Is it Possible to Reopen a Bankruptcy Case?
Upon the issuing of a discharge, your Arizona bankruptcy case is going to be closed. In certain circumstances, however, a bankruptcy case could be closed without a discharge. If this happens, you have the right to ask to reopen a bankruptcy case for court reconsideration.
Situations in Which it is Possible to Reopen a Bankruptcy Case
Your bankruptcy case could be reopened under the following circumstances:
- Whenever the court has to give the debtor a certain kind of relief
- For the purpose of court administration of additional property or assets
- If the debtor can demonstrate there is another, valid reason for the reopening of the case
The debtor is one of the parties that can file a motion for having the bankruptcy case reopened. The trustee has the same right. Third parties that have interest in the bankruptcy proceedings can also file a motion for case reopening.
Most often, case reopening occurs to correct a mistake that prevented the discharge the first time around. Failing to file one of the required documents or licenses is a possible reason for requesting reopening.
If you have accidentally forgotten to disclose an asset or you want to add some debt that was forgotten the first time around, you can also request the reopening of the bankruptcy case.
What it Takes to Reopen a Bankruptcy Case
The reopening procedure is fairly simple, especially if you have hired a bankruptcy attorney to guide you.
The document needed for bankruptcy case reopening is a motion that explains why the case was closed prematurely the first time around. If the court grants the additional motion, several additional documents will have to be filed. The nature of these documents depends on the reason why reopening was requested.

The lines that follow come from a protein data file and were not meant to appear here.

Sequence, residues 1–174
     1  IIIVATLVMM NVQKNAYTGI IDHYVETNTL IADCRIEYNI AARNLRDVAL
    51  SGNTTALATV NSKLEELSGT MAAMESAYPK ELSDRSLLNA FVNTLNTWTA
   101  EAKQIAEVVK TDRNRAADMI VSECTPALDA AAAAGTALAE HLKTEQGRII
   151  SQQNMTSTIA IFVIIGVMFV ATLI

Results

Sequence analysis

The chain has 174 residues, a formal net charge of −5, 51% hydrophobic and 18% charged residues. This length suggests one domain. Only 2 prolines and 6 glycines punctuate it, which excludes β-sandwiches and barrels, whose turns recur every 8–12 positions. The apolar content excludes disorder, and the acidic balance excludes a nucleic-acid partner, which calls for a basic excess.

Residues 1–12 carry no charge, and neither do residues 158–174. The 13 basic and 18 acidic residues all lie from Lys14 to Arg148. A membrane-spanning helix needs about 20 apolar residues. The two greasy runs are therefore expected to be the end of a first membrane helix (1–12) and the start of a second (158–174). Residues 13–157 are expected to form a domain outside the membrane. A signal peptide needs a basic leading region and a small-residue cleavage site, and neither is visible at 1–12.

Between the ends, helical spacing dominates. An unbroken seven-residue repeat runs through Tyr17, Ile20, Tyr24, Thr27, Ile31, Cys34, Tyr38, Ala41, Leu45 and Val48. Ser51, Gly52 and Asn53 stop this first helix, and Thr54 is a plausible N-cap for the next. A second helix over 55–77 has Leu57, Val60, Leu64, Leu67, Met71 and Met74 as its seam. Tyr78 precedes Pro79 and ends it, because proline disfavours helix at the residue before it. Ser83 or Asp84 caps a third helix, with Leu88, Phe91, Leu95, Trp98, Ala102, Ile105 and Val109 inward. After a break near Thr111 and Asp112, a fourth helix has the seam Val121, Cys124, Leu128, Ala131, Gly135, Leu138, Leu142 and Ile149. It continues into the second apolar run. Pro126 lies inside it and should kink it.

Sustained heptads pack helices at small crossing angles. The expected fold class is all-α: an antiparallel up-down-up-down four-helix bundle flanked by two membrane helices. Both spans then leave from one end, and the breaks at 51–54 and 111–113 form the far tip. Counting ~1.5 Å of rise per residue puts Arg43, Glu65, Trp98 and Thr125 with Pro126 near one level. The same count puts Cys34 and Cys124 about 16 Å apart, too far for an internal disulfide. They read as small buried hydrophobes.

If you have forgotten to file a course certificate, for example, you will need to file a motion for additional time that will allow you to submit the missing Form 423 Certification about Financial Management Course. The second document will be required to ask the court to reconsider your bankruptcy and enter a discharge.
Because the reopening is often a pretty simple endeavor, courts in Arizona will generally allow for the filing of the motion to occur ex parte (without informing other parties about the upcoming change in the status of the bankruptcy filing).
When can Trustees Request Bankruptcy Case Reopening
As already mentioned, trustees and third parties could also request the reopening of the bankruptcy case.
The main difference between a debtor and a trustee asking for a reopening is that the second party (as well as creditors) will file a motion whenever a discharge is granted.
Most often, trustees ask for the case to be reopened whenever they find assets that the debtor did not disclose in the very beginning. Other common causes of such motions include a serious mistake the first time around and prejudice due to the lack of bankruptcy notice.
There could also be brand new circumstances that will change the terms and the conditions of the bankruptcy. Inheriting property or a large sum of money will usually provoke the trustee to move for the reopening of the bankruptcy case.
Whenever trustees or creditors come across evidence of bankruptcy fraud, they’ll also be given the right to request a reopening of the case.
A bankruptcy trustee doesn’t have the power to reinstate the case. They will need to take matters to the US Trustee office, after which a motion will be filed with the Arizona court. The debtor has the right to oppose the motion. Most often, this happens if the debtor believes that the respective asset should not be liquidated.